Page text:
“E-tracking is the only solution that will immediately block illegal sales and prevent criminals from buying illegal amounts of PSE to manufacture methamphetamine,” the CHPA stated. CHPA president Linda Suydam committed on behalf of industry to fund a national system and work with the retail community to expand the National Precursor Log Exchange system currently being implemented in eight states that have passed e-tracking legislation.
The NPLEx e-tracking system works in real time to stop individuals from exceeding package limits when purchasing PSE-containing medicines. Using sales records that retailers are already required to keep and which only are made available to law enforcement, NPLEx works across state lines and provides law enforcement with an effective tool to stop methamphetamine production.
“We are asking Congress to significantly improve the Combat Methamphetamine Epidemic Act by leveraging cutting-edge technology to block illegal pseudoephedrine sales nationwide,” Suydam stated. “Electronic tracking offers the best solution to reducing methamphetamine labs without imposing a costly and unnecessary prescription mandate. Our goal is to stop illegal pseudoephedrine sales while maintaining important over-the-counter access to the 15 million consumers who rely on these medicines each year.”
Ten states already have adopted laws requiring retailers to use an e-tracking system to track PSE sales, CHPA noted, including: Alabama, Arkansas, Illinois, Iowa, Kansas, Kentucky, Louisiana, Missouri, Oklahoma and Washington. Attorneys general from Alabama, Kansas and Washington submitted letters to the caucus noting their support for electronic tracking and urged consideration of e-tracking at the federal level.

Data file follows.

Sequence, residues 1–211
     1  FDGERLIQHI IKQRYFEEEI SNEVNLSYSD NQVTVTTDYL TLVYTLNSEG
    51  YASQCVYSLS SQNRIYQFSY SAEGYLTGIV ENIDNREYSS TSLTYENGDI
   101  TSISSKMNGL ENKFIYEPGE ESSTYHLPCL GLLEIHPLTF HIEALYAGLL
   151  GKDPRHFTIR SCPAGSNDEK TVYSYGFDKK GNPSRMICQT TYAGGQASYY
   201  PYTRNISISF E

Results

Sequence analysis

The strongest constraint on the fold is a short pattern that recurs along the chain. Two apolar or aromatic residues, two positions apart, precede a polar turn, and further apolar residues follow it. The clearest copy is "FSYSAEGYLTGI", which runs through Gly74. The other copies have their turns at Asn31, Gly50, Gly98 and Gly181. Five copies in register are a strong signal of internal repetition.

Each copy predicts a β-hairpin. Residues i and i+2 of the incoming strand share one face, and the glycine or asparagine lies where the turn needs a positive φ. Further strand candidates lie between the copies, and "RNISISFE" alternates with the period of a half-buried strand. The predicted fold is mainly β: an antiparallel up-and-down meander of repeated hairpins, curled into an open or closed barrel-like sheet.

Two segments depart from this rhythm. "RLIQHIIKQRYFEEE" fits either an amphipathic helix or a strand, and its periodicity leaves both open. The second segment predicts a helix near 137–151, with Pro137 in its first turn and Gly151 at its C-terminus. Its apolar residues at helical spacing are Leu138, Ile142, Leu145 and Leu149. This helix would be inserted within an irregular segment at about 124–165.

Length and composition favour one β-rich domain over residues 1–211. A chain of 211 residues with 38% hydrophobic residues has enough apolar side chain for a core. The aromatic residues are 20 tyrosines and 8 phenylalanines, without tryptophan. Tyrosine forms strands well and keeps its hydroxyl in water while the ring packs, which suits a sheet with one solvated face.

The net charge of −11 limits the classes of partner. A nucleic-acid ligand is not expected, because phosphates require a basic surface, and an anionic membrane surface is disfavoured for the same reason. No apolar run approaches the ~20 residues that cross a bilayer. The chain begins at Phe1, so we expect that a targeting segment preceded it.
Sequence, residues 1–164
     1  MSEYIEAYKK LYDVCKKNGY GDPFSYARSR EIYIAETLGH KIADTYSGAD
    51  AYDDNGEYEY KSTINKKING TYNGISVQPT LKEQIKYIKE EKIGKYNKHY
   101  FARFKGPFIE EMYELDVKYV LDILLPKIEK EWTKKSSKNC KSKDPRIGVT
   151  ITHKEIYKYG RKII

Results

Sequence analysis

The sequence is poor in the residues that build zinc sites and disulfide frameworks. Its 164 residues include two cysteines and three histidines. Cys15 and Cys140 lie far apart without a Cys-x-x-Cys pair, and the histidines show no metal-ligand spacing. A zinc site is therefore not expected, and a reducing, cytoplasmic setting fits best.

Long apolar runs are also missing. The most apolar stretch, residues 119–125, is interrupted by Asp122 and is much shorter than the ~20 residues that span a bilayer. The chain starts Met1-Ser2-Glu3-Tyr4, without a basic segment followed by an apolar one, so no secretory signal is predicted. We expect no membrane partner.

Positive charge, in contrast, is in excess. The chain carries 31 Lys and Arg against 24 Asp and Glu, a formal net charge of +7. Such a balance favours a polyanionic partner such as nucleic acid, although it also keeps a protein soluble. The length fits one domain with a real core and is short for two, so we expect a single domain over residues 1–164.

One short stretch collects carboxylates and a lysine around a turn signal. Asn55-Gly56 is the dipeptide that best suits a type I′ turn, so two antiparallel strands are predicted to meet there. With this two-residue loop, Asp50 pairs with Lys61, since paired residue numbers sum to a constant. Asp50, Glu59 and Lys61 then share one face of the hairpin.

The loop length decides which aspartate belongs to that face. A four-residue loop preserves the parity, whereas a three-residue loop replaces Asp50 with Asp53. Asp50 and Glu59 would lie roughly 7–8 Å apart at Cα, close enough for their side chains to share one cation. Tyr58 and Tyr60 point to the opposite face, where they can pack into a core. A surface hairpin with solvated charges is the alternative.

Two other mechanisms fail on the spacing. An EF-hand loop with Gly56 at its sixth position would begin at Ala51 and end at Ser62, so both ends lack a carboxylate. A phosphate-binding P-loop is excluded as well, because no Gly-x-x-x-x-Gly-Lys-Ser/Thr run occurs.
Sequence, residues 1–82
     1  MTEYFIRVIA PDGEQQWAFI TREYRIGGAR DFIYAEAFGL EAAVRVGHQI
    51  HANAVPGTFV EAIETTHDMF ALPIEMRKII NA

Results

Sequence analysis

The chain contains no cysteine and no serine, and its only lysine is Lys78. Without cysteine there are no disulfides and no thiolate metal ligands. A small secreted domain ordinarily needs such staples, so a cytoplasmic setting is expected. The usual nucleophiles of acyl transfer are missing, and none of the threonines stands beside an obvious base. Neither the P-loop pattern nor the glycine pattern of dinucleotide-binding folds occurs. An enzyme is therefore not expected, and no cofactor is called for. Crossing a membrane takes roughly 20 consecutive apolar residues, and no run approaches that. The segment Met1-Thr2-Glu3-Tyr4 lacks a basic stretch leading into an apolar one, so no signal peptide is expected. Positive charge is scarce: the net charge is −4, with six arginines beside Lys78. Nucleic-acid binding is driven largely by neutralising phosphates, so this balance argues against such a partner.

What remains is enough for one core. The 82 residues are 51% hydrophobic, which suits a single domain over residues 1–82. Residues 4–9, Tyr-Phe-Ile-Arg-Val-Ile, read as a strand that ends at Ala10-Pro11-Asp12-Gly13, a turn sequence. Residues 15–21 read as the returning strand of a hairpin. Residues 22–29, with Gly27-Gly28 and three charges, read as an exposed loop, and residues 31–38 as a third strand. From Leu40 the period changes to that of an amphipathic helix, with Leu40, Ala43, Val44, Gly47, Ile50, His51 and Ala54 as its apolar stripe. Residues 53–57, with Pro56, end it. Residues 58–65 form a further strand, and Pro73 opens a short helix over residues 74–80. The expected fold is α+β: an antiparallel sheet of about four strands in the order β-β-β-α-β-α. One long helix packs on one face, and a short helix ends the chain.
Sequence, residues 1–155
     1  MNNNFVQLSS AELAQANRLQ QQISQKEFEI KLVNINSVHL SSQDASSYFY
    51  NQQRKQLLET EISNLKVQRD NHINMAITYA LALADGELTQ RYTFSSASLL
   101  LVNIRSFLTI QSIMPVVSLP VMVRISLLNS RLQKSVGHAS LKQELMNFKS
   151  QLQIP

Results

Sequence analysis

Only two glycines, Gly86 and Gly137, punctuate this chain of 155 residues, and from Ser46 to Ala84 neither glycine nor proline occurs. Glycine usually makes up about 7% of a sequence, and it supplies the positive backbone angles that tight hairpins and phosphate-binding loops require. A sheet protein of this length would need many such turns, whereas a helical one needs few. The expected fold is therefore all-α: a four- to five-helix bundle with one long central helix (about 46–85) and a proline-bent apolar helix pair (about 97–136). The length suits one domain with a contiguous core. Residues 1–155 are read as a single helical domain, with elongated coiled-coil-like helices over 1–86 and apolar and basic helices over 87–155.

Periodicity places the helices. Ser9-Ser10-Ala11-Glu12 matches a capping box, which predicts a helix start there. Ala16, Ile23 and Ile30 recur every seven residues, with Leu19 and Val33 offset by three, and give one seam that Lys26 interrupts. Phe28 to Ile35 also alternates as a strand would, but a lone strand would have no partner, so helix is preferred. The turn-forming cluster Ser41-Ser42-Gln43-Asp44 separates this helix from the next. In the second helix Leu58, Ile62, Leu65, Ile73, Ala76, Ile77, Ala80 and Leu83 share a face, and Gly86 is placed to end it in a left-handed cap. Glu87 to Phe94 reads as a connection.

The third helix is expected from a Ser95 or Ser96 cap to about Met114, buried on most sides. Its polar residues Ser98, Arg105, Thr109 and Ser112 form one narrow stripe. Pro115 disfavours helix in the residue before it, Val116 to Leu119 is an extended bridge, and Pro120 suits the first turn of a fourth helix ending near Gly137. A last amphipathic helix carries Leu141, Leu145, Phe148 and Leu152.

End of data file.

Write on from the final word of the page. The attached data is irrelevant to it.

CHPA is funding NPLEx in eight of these states to help retailers to comply with these new laws.
Only two states, Oregon and Mississippi, have instead elected to make PSE medicines available by prescription only. Local municipalities within Missouri, but not the entire state, have adopted similar legislation.
Suydam told the caucus that, “when contrasted with electronic tracking, prescription mandates simply fall short. A prescription mandate would be more expensive to consumers, sales limits from [the Combat Meth Act] would no longer apply, and there would be no system for real-time blocking of illegal prescription sales within states or across state lines.”
Suydam also challenged the effectiveness of Oregon’s prescription-only law, noting that most of Oregon’s lab reductions occurred prior to the state’s prescription mandate and that states across the West achieved similar results without such a burdensome restriction.